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Calcitonin is a 32-amino acid polypeptide hormone that is produced in humans primarily by the parafollicular (also known as C) cells of the thyroid, and in many other animals in the ultimobranchial body. It acts to reduce blood calcium (Ca2+), opposing the effects of parathyroid hormone (PTH) 
It has been found in fish, reptiles, birds, and mammals. Its importance in humans has not been as well established as its importance in other animals.
Calcitonin is formed by the proteolytic cleavage of a larger prepropeptide, which is the product of the CALC1 gene (CALCA). The CALC1 gene belongs to a superfamily of related protein hormone precursors including islet amyloid precursor protein, calcitonin gene-related peptide, and the precursor of adrenomedullin.
To be specific, calcitonin reduces blood Ca2+ levels in three ways:
Its actions, in a broad sense, are:
Calcitonin was purified in 1962 by Copp and Cheney. While it was initially considered a secretion of the parathyroid glands, it was later identified as the secretion of the C-cells of the thyroid gland.
Salmon calcitonin is used for the treatment of:
The following information is from the UK Electronic Medicines Compendium
General characteristics of the active substance
Salmon calcitonin is rapidly absorbed and eliminated. Peak plasma concentrations are attained within the first hour of administration.
Animal studies have shown that calcitonin is primarily metabolised via proteolysis in the kidney following parenteral administration. The metabolites lack the specific biological activity of calcitonin. Bioavailability following subcutaneous and intramuscular injection in humans is high and similar for the two routes of administration (71% and 66%, respectively).
Calcitonin has short absorption and elimination half-lives of 10-15 minutes and 50-80 minutes, respectively. Salmon calcitonin is primarily and almost exclusively degraded in the kidneys, forming pharmacologically-inactive fragments of the molecule. Therefore, the metabolic clearance is much lower in patients with end-stage renal failure than in healthy subjects. However, the clinical relevance of this finding is not known. Plasma protein binding is 30% to 40%.
Characteristics in patients
There is a relationship between the subcutaneous dose of calcitonin and peak plasma concentrations. Following parenteral administration of 100 IU calcitonin, peak plasma concentration lies between about 200 and 400 pg/ml. Higher blood levels may be associated with increased incidence of nausea and vomiting.
Preclinical safety data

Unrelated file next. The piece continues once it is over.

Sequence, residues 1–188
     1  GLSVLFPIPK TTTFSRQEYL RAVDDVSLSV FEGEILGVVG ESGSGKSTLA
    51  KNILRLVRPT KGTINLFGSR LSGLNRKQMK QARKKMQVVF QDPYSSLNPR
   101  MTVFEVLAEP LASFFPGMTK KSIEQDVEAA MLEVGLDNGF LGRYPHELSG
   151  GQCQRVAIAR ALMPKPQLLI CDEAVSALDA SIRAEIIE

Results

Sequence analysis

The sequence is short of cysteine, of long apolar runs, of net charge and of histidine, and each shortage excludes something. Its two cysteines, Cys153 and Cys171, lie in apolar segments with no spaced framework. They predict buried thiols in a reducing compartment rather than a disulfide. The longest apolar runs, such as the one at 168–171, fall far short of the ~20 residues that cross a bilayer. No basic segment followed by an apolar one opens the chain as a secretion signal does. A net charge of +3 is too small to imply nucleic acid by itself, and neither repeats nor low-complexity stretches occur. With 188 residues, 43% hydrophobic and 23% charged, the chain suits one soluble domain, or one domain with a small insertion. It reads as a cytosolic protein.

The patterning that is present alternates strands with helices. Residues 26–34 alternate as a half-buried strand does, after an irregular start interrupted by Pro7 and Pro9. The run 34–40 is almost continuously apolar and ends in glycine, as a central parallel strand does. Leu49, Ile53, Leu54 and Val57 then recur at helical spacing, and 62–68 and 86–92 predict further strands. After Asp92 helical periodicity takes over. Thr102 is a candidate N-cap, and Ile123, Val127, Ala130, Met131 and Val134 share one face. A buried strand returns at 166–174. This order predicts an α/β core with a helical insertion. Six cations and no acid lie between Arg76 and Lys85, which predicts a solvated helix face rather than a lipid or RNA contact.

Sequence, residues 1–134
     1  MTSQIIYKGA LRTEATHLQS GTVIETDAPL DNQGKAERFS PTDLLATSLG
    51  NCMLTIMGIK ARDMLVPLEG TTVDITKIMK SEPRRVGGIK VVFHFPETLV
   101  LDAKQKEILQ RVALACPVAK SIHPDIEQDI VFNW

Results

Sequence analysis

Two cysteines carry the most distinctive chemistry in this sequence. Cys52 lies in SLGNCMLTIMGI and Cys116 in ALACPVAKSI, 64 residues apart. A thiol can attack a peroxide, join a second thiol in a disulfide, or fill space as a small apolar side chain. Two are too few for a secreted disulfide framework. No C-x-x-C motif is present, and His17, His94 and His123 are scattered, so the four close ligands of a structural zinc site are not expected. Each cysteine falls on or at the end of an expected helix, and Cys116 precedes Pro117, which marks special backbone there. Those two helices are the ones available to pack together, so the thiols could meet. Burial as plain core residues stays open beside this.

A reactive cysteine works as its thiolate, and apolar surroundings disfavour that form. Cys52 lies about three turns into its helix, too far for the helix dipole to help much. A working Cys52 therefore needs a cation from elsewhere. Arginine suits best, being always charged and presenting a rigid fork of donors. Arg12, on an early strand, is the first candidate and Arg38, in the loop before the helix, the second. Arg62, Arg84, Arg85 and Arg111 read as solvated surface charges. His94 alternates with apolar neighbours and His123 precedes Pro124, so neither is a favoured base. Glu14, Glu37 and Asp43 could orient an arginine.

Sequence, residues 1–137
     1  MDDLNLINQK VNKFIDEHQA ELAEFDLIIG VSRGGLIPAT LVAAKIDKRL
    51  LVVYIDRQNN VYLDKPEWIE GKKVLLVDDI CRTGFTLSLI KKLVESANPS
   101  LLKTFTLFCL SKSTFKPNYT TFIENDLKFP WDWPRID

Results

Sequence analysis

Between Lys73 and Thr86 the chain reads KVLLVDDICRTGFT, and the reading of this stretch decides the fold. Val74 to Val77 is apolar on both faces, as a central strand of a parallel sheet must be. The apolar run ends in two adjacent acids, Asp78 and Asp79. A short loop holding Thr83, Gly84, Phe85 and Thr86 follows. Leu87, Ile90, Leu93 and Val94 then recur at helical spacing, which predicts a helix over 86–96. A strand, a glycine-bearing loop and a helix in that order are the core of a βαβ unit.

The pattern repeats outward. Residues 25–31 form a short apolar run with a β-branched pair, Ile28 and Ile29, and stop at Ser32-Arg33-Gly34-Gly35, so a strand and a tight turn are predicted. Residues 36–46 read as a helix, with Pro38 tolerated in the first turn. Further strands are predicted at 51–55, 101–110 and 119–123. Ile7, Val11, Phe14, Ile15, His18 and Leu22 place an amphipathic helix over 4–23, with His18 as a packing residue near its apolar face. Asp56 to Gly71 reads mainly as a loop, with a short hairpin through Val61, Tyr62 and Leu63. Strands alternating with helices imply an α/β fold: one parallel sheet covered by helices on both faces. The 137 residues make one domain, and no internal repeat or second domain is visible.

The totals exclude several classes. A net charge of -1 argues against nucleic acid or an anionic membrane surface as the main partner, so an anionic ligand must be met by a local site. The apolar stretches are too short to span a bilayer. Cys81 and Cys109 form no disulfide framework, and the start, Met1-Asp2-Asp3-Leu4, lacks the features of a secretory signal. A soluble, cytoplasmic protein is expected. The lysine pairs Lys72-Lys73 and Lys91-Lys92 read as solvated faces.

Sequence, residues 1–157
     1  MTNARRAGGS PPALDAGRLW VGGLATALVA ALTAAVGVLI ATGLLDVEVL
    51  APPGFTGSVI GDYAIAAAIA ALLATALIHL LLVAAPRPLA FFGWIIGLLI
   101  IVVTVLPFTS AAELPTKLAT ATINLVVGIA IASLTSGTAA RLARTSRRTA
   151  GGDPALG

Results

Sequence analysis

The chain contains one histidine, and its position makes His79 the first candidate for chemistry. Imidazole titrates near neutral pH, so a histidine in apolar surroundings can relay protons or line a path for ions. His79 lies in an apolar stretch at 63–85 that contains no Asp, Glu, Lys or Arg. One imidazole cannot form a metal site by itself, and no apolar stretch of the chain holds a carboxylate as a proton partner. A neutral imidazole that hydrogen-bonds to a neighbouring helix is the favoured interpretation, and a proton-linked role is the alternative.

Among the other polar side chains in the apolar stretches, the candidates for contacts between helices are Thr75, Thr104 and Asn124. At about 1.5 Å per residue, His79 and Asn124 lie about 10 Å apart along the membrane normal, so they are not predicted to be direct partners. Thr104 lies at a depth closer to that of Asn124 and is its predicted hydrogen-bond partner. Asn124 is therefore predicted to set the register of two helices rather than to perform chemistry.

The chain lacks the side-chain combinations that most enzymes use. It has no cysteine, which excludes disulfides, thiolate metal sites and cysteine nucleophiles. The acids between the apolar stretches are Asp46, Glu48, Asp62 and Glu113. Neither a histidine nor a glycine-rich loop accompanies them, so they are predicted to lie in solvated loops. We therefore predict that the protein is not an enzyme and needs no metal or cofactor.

Conventional long-term toxicity, reproduction, mutagenicity, and carcinogenicity studies have been performed in laboratory animals. Salmon calcitonin is devoid of embryotoxic, teratogenic, and mutagenic potential.
An increased incidence of pituitary adenomas has been reported in rats given synthetic salmon calcitonin for 1 year. This is considered a species-specific effect and of no clinical relevance. Salmon calcitonin does not cross the placental barrier.
In lactating animals given calcitonin, suppression of milk production has been observed. Calcitonin is secreted into the milk.
Calcitonin was extracted from the Ultimobranchial glands (thyroid-like glands) of fish, particularly salmon. Salmon calcitonin resembles human calcitonin, but is more active. At present, it is produced either by recombinant DNA technology or by chemical peptide synthesis. The pharmacological properties of the synthetic and recombinant peptides have been demonstrated to be qualitatively and quantitatively equivalent.
Use of calcitonin in osteoarthritis:
Oral calcitonin may have a chondroprotective role in osteoarthritis (OA), according to data in rats presented last month at the 10th World Congress of the Osteoarthritis Research Society International (OARSI) in Boston, Massachusetts. Although calcitonin is an established antiresorptive agent, its disease-modifying effects on chondrocytes and cartilage metabolisms have not been well established until now.
This new study, however, may help to explain how calcitonin affects osteoarthritis. “Calcitonin acts both directly on osteoclasts, resulting in inhibition of bone resorption and following attenuation of subchondral bone turnover, and directly on chondrocytes, attenuating cartilage degradation and stimulating cartilage formation,” says researcher Morten Karsdal, MSC, PhD, of the department of pharmacology at Nordic Bioscience in Herlev, Denmark. “Therefore, calcitonin may be a future efficacious drug for OA.”
Pain relief plus chondroprotection
Unlike several other potential disease-modifying OA drugs, calcitonin also has a “unique analgesic effect on bone pain, which might relieve at least in part symptoms accompanying joint disease,” says Dr. Karsdal, adding that this may be an important factor influencing future drug compliance.
Exactly how calcitonin impacts pain is not yet fully understood. However, “preclinical evidence tends to support a direct, receptor-mediated action that is independent of opioid action,” Dr. Karsdal explains. “Some evidence, however, has suggested a calcitonin interaction with opioid receptors.”
Sondergaard BC, Østergaard S, Qvist P, et al. Oral calcitonin protects against experimentally induced osteoarthritis. Presented at: 10th World Congress of the Osteoarthritis Research Society International; December 8–11, 2005; Boston, Mass. Abstract P133
PDF] Rationale for the potential use of calcitonin in osteoarthritis www.ismni.org/jmni/pdf/21/12MANICOURT.pdf
|This article is licensed under the GNU Free Documentation License. It uses material from the Wikipedia article "Calcitonin". A list of authors is available in Wikipedia.|